During World War II, "she was literally analyzing all of this information coming back from the reports about the fuselages of down planes, the captured planes," Flip Cuddy explained. "With her team that she led and also from the data from the engineers, they knew which part of the plane to shoot. ... She would instruct them to shoot at these targets and shoot at certain times."

She also trained pilots on flight simulators and used her mathematical aptitude when working with codebreakers in the Naval Intelligence Office.

Susan Ahn Cuddy was the Navy's first female gunnery officer.Courtesy Flip Cuddy

"She became the chief of (the code-breaking) department," Flip Cuddy said. "She had 300 scholars working underneath her, and she thought it was funny because she went to San Diego State (and they were) all these Ivy League people."

But Susan Ahn Cuddy encountered racism when dealing with classified information because supervisors were suspicious of her heritage, according to the Department of Defense. Still, she obtained a top secret clearance and worked for the National Security Agency. Toward the end of her military career, she established the Navy's research department at the Library of Congress, Flip Cuddy said.

Susan Ahn Cuddy obtained a top secret clearance despite dealing with suspicions from supervisors due to her race.Courtesy Flip Cuddy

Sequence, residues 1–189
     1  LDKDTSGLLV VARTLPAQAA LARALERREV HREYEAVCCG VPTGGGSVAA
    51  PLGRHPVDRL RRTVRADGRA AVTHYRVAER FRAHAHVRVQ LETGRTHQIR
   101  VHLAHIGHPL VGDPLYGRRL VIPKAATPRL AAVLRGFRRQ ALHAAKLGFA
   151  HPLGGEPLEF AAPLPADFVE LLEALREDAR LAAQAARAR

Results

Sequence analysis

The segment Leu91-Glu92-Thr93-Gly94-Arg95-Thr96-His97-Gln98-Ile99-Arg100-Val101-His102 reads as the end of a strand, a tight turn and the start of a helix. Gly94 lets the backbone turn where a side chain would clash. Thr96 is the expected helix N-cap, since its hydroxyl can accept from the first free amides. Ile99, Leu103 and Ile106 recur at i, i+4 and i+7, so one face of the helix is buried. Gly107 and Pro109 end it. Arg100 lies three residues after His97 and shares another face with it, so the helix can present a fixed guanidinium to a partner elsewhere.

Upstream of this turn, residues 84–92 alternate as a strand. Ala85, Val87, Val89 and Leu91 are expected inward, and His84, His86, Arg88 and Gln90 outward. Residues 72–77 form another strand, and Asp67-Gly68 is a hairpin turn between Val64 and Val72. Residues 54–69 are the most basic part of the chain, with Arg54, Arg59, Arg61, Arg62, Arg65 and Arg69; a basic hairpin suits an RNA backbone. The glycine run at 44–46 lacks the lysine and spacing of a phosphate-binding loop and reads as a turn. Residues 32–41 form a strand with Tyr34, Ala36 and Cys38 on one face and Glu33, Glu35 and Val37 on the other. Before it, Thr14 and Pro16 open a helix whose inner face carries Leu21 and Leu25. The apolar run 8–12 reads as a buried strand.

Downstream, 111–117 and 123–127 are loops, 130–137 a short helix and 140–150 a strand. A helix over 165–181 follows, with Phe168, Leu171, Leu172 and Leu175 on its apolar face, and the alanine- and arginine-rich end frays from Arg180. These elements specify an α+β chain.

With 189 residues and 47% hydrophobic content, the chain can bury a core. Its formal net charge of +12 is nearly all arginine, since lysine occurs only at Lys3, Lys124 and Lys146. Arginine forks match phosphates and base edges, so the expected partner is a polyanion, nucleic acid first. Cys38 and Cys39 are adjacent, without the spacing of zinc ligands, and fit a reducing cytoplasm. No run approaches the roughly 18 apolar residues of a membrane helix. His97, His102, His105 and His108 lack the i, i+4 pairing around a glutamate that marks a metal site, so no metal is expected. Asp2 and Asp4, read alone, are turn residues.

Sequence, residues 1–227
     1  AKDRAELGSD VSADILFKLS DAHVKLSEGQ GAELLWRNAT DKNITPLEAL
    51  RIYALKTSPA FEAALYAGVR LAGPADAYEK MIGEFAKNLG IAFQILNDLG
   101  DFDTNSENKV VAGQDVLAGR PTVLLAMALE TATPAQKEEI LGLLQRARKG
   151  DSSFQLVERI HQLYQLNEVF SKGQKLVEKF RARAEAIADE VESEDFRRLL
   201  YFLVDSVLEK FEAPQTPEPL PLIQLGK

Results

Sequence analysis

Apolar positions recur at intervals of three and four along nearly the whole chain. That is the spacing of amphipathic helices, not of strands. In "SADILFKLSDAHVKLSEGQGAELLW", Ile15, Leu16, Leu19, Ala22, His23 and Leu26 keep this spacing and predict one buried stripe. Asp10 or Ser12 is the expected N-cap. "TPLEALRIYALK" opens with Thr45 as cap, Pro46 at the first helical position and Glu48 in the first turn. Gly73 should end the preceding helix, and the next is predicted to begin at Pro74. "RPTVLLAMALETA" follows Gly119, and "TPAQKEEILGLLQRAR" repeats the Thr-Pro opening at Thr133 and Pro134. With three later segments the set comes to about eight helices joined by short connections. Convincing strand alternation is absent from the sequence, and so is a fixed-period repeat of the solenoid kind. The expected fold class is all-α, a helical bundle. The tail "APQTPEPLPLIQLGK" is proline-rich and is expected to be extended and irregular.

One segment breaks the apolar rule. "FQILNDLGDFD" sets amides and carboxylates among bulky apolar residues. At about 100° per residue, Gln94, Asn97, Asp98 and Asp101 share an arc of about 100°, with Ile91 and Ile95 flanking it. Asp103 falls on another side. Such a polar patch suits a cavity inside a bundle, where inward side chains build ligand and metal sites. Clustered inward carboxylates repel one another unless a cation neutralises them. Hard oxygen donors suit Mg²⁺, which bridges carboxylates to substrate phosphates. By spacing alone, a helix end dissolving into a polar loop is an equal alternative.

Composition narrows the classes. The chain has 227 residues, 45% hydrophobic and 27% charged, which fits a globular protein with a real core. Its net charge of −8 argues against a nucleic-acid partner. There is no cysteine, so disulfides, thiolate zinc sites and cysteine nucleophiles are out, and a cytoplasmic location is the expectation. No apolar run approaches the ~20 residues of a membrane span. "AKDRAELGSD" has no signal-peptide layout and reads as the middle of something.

Her courage and tenacity live on

One Asian American woman currently in the Navy, Command Senior Chief Suxuan Oonyu, told TODAY that she's felt Susan Ahn Cuddy's impact on her career.

"Everybody that comes before us opens a door that we don't even realize is closed," Oonyu said. "There's things I wouldn't be able to achieve now, had she not done what she did."

Command Senior Chief Suxuan Oonyu has been in the Navy for 21 years.Courtesy Suxuan Oonyu

Oonyu is a Vietnamese immigrant and enlisted in the military after completing her associate's degree. She's currently the highest ranked enlisted sailor on the USS Miguel Keith in San Diego. While Oonyu believes she's had to deal with less racial discrimination than Cuddy, "as an Asian woman seeing other women being able to achieve things, it subliminally tells you that you can," she said.

At the beginning of her 21 years in the Navy so far, Oonyu said she remembers encountering only one other Asian woman, but she's seen the culture become more diverse since. Asians represent about 5.2% of the Navy, according to 2016 data.

Asked what she would want to tell Susan Ahn Cuddy, Oonyu replied, "Thank you for your courage because she couldn't have done that easily."

Oonyu with her husband and daughter.Courtesy Suxuan Oonyu

"She probably had a lot more barriers than I will ever face in my life. I would say, 'Thank you for ... the tenacity to be successful,'" she added.

Flip Cuddy sees his mom as influencing how Asian Americans are accepted in the military overall.

"What other Asian American woman took the path through the Navy she did? She did not just get her foot in the door. She opened it wide and made a seat for herself at the table," he said.

"Just imagine if she failed any of the responsibilities the U.S. Navy threw at her. Many men in the Navy were tough on her and set her up to fail. She impressed everyone with her multifaceted ability, keen aptitude and gets-the-job-done attitude. ... She changed how women were perceived in some of the most difficult rooted American traditions."